I was born in Cordoba City in 1974. Overly dramatic par excellence. While in Córdoba, I organized, together with Simbad Seguí, Paula La Serna and Marcelo Nucenovich, “Mundo Mix I, II, III”, electronic music and contemporary art events in the Chateau Carreras, in 1998. For 5 years I had, with some other friends, an atélier called Familia Lovera, next to the Mercado de Abasto (Supply market), a fascinating place if anything. I worked at the Culture Department of the Municipality of Córdoba, and graduated, in 2001, as a Painting Bachelor. Since then, I’ve insistently been doing art actions. By the end of 2001 we ended up with the atélier and I was fired from my job. Quite fed up I arrived at Buenos Aires to spend the Easter, back in 2002, but somehow I went on staying here in BA, and taking part in things like Estudio Abierto, at the Abasto, Portuniol, I was invited by María Rosa Andreotti and Juan Carlos Romero of FM La Tribu, I did house performances, took part in an exhibition called “Interiores” (Interiors), curated by Rodrigo Alonso, did some art actions back at my place, I went to Mendoza and Venezuela, a place worth to visit. Next to Gabriel Baggio and Carolina Katz we did “Desde el Alma” (From the Soul), a unique experience by the way. And I always present stuff back in Córdoba, I took theater classes with Julio Chávez, participated in seminars, the CC Rojas fellowship, and went on staying up to this date.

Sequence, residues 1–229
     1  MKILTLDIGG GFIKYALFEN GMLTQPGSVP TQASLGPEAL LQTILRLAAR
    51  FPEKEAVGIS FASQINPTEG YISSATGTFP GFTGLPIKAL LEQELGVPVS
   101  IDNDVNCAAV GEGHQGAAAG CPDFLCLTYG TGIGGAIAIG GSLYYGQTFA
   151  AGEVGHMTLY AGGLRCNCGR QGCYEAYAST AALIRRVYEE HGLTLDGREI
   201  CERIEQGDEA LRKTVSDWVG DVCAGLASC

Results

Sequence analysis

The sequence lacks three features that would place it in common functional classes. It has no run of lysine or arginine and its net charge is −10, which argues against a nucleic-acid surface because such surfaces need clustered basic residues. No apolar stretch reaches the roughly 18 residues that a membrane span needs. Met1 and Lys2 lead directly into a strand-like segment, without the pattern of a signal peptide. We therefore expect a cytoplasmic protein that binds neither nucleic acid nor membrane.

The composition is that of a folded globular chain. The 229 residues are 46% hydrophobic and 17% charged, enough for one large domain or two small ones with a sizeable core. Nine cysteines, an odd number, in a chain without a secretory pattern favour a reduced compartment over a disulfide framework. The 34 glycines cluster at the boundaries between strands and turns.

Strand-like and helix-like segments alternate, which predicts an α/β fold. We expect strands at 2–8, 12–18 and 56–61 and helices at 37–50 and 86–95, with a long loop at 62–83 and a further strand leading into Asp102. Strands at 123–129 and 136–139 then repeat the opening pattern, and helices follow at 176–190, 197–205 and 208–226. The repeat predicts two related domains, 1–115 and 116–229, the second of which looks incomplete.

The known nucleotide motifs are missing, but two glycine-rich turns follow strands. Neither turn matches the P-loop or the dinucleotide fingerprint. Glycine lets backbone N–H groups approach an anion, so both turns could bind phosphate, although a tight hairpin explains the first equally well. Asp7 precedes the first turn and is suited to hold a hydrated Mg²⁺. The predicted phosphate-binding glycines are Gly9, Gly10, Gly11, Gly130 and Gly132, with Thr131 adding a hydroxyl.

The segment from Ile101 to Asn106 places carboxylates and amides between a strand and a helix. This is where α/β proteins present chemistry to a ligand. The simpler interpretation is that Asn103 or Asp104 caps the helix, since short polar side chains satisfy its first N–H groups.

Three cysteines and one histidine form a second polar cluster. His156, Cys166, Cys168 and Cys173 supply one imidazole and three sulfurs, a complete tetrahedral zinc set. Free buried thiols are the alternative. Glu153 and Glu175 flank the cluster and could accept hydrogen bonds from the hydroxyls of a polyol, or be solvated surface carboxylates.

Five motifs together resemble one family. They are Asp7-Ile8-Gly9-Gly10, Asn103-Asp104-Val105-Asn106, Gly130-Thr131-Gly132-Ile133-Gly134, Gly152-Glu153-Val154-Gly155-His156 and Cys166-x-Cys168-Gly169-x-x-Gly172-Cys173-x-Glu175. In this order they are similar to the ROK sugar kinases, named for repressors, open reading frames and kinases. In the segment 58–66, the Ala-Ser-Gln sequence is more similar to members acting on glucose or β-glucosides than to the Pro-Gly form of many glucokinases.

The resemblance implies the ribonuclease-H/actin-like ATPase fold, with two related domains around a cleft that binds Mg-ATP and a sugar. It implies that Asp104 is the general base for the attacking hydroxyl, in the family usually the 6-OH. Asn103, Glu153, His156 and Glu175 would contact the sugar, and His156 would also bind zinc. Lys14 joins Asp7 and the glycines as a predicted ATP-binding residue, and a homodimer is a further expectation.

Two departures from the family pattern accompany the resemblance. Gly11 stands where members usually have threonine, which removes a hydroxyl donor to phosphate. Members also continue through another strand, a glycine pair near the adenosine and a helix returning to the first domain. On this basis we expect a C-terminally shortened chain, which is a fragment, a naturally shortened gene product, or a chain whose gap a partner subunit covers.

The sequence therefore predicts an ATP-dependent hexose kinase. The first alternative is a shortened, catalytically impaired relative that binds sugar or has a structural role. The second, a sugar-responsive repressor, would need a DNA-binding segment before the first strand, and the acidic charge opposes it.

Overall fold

Vision of art
1. Choose a work that represents you, describe it in relation to its format and materiality, its relation with time and space, its style and theme; detail its production process.
At this moment, I choose "Misión Tortuga Laúd" (Turtle Lute Mission). It is the result of a phone call I received, from a NGO, Karumbe, asking me if could take a satellite transmitter from Buenos Aires to Montevideo in less that 24 hours, to be put onto a sea turtle that was found in Montevideo's shores. I did it; as a result of such a mission I prepared a conference about it. Since I didn't count with enough documentation as to impart such a conference, I was forced to come up with a power point consisting only of headings, and in which I told, in front of a live audience, the contents of each of them. This was pretty confusing. The viewer could clearly think that he was being deceived, since there was no evidence that such a deed actually took place. However, as half of the action had passed, there are pictures that show the last stage of the mission, the set up of the satellite transmitter onto the turtle, and the emails confirming its location. It's a 15-minute performance, and it has the appearance of being a wildlife preservation conference.
2. In general terms, how would you suggest to approach your work?
I always reccomend having eaten a few snacks and drank a vermouth earlier on. I hate having my basic needs unresolved when it comes to enjoying or contemplating any work of art.
3. In reference to your work and your position in the national and international art fields, what tradition do you recognize yourself in? Who are your contemporary referents? What artists of previous generations are of interest to you?
Tradition? I find it difficult to think of it like that.